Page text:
Free text-to-speech (TTS) or speech synthesizers
Your computer almost certainly comes with at least one synthesizer. Later versions of Windows have better voices and more of them. Below are some free options that all support SAPI5 - that is, they will work with most software on a Microsoft Windows machine. All will work with the Thunder and NVDA free screenreaders.
Universities and public bodies regularly produce new speech synthesizers from research projects and attempts to support their language or accent. These either disappear from the web after a year or two or get brought up and commercialised by a new or existing speech synthesis company. eSpeak is the exception: it's been around for a decade at least. But any of the other links below may be broken or no longer provide the voice described.
Microsoft Windows has shipped with a speech synthesizer since Windows 2000 - Microsoft Sam until Microsoft Vista, other voices since then. English and Chinese were usually freely available. Windows 8 added many speech synthesizers available for lots of languages. You simply install the "Language Pack" from Control Panel and the voice will appear.
Confusingly, Windows 10 also has many voices that are Windows Runtime voices or Mobile voices, not the SAPI5 voices that will work in your software. See Microsoft Speech on the Blog for more details. None of the below are these Windows Runtime voices.
All these SAPI5 voices can be expected to be found on Windows 8.1 and 10, either because (1) I've installed a language pack and found them or (2) they are on the Microsoft website, though incorrectly labeled.
- Windows 8
- Korean Heami
- US English David
- UK English Hazel
- US English Zira
- Spanish Helena
- French Hortense
- German Hedda
- Japanese Haruka
- Chinese (simplified) Hanhan and Huihui
- Windows 8.1 and 10 - all the above plus:
- Mexican Spanish Sabina
- Indian English Heera
- Chinese (traditional) Tracy
- Italian Elsa
- Polish Paulina
- Portuguese Maria (possibly Brazilian)
- Russian Irina
eSpeak is an open-source (GPL V3) TTS system. There's a SAPI5 DLL, and commandline options. It's developed by Jonathan Duddington. It's probably the most common speech synthesizer in open-source systems at the time of writing. It sounds like a "traditional" speech synthesizer - quite robotic - but this means it's exceptionally clear, high-performance and easy to add language support to it. I know many blind people who use it exclusively in preference to the commercial "human-sounding" voices.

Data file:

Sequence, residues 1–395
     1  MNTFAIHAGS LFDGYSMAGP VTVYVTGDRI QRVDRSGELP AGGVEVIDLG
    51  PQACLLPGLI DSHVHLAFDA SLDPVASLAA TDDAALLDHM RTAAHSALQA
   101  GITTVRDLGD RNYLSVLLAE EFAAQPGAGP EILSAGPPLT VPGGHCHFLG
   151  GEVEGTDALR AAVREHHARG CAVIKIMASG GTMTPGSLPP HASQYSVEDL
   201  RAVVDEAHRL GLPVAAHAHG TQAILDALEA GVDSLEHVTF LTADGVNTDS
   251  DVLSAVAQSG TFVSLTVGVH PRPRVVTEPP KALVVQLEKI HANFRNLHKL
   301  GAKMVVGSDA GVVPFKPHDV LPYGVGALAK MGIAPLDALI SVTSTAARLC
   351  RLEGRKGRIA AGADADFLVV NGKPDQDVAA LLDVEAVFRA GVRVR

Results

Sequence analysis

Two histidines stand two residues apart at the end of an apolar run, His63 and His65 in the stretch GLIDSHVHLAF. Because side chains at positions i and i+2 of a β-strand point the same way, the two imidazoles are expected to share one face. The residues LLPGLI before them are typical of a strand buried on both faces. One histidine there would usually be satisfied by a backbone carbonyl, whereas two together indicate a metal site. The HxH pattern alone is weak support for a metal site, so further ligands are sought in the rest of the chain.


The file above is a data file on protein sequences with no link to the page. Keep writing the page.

- Open-source eSpeak voices - "usable" and "provisional"
- Voice variants for the voices - male and female, and 5 variants of each, and "croak" and "whisper".
- Non-open-source MBROLA voice support. There is a wide range of these, and they are good, but the licence is not GPL: you have permission to redistribute for non-commercial free programs, and you must use the MBROLA program itself to generate the speech. I'm going to assume that the eSpeak DLL calls the MBROLA engine to be in line with the licence. I notice that you have to get the MBROLA voices separately from the eSpeak install.
On Windows, you can install eSpeak then run "C:\Program Files (x86)\eSpeak\command_line\espeak.exe". The commandline options:
- --voices Show all the voices
- -vXX Use voice XX, e.g. "-vaf" is "use the af voice".
- -vXX+YY Use variant YY, e.g. "-vaf+f2" is "use the af voice with the female variant 2". The variants are:
- None (male voice)
- +m1, +m2, +m3, +m4, +m5 (male variants)
- +f (female voice)
- +f1, +f2, +f3, +f4, +f5 (female variants)
- +whisper (male whisper)
Asharir - Hindi, Tamil, Kannada and Telugu
These were free SAPI5 text-to-speech voices from Asharir in India. However, they've disappeared from the Internet, so until someone complains a download link follows. They supported Hindi, English, Tamil, Kannada, and Telugu, though I can't vouch for them.
- Asharir SAPI5 Setup Installer file.
- Free male and female Welsh synthesizer voices from Ivona. Ivona is a big commercial speech synthesis company, and the Welsh Assembly (the devolved Welsh government within the UK) appears to have paid them to create these two voices for Welsh.
- Free Maltese voice. Again, this looks like a voice paid for by the Maltese government.